I suppose there are a few factors that draw me to the children's market. Namely, I think my style is suited for that type of work. It comes easily to me. When I get more mature-themed projects, it takes me a bit longer to nail it. Another factor is because I have a 4-year-old. I like to make things that he likes... I suppose I'm in a kid mindset. That and I don't think I ever grew up!
How did you get the assignment to draw the cover for the Jellydots' Changing Skies?
The Jellydots came for Tricycle Music Fest here in Charlotte (with Lunch Money and Dan Zanes). My wife and I took our boy to see them and I we loved it. After the show I sent both the Jellydots and Lunch Money emails... asked them if they ever needed art work and that I'd love to help them out. To my surprise they both wrote back and were interested.
What were you trying to convey -- what was Doug trying to have you convey -- with that cover illustration?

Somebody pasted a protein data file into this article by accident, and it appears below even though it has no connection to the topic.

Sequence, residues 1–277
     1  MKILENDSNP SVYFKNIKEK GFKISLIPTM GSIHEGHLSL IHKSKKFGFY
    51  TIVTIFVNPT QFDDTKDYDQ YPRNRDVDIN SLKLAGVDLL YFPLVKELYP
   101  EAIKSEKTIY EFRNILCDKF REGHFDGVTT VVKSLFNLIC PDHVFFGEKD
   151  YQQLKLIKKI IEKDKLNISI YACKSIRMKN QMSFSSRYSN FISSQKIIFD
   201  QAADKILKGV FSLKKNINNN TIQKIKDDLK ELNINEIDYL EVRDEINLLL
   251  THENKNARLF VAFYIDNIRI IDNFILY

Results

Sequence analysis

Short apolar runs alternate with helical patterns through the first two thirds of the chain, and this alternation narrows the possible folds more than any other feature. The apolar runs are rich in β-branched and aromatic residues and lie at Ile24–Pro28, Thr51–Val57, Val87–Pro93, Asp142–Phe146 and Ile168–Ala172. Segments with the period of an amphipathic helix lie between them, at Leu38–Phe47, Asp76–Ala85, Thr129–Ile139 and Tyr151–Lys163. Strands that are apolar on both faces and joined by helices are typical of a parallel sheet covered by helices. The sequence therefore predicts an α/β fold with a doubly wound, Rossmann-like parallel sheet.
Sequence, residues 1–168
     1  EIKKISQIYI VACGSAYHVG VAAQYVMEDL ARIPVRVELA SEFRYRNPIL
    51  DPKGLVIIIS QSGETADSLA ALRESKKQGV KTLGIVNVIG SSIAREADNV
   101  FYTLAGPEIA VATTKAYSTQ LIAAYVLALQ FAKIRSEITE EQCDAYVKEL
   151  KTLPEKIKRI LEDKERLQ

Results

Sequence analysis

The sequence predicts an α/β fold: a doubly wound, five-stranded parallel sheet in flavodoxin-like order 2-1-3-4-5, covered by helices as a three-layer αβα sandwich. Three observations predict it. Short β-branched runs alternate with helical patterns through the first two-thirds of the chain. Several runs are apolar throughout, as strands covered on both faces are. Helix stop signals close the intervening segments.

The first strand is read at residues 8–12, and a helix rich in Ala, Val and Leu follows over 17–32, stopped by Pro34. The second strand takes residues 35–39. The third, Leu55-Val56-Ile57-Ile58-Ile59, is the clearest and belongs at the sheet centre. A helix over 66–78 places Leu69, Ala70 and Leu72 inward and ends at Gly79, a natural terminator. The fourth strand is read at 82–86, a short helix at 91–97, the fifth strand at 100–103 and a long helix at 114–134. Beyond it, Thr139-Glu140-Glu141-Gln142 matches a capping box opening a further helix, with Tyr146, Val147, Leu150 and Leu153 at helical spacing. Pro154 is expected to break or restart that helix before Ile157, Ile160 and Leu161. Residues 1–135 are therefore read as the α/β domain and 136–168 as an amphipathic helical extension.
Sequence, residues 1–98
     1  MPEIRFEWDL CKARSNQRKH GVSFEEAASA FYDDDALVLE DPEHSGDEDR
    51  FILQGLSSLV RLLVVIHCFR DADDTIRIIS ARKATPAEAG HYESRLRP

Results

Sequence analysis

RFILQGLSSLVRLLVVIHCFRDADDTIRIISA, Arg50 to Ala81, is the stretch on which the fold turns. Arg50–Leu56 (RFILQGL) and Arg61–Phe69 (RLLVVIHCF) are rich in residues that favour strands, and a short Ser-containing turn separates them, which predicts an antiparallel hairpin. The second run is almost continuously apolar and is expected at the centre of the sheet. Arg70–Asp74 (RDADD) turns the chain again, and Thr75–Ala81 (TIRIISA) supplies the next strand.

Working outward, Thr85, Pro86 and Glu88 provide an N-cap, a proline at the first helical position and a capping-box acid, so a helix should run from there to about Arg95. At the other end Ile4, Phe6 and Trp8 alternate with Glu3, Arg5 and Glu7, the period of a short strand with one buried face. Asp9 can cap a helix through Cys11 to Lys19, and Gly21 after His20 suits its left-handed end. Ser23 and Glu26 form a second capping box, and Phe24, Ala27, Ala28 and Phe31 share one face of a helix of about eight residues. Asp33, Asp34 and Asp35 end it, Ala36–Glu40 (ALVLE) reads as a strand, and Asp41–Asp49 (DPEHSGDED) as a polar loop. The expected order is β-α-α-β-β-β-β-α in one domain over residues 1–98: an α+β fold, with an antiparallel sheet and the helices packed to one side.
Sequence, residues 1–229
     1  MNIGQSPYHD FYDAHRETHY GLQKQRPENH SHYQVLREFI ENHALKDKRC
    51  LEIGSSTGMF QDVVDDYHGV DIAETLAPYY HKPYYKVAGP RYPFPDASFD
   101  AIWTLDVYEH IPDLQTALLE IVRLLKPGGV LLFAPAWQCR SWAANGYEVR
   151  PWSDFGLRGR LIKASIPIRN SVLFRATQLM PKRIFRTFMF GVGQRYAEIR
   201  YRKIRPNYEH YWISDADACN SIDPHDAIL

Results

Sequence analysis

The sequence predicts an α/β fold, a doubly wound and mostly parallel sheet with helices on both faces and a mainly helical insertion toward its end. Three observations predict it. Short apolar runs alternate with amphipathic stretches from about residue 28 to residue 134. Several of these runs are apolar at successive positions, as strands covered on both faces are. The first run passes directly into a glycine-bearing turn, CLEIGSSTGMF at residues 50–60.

Actually in the beginning, Doug wanted to use my print, 'Octopus Bouquet' for the cover. He felt it conveyed the 'Changing Skies' theme. I thought it was a good fit, but maybe a bit scary or too weird for a kid? So, I took the same idea and modified it be more kid friendly. Plus, my style has a changed a bit since I first created that print and I wanted to move forward, so to speak, with the illustration.
(octopus bouquet- tiny showcase, limited-edition print)
How did you start illustrating for Lunch Money (first the label logo, then the new album cover/liner notes)?
Like I stated before, Lunch Money/Molly wrote back and expressed interest in using me. First, they wanted a new logo for their independent label, Squirrel Mechanic Records. I pretty much started that right away. I finished up and she said she wanted me to illustrate their next release... but told me it might be a while. A year later, and here we are!
You note on your blog that Molly Ledford gave you pretty much free rein in designing the "Dizzy" illustrations -- what was she/the band looking for?
Molly told me the name of the album would be Dizzy and wanted to show kids or animals spinning. She wanted to convey that a kid doesn't need something material to have a good time... and show the power of kids to have fun despite adults. She also felt it important that the album be something that a kid would want to pick up, pour over, and enjoy visually.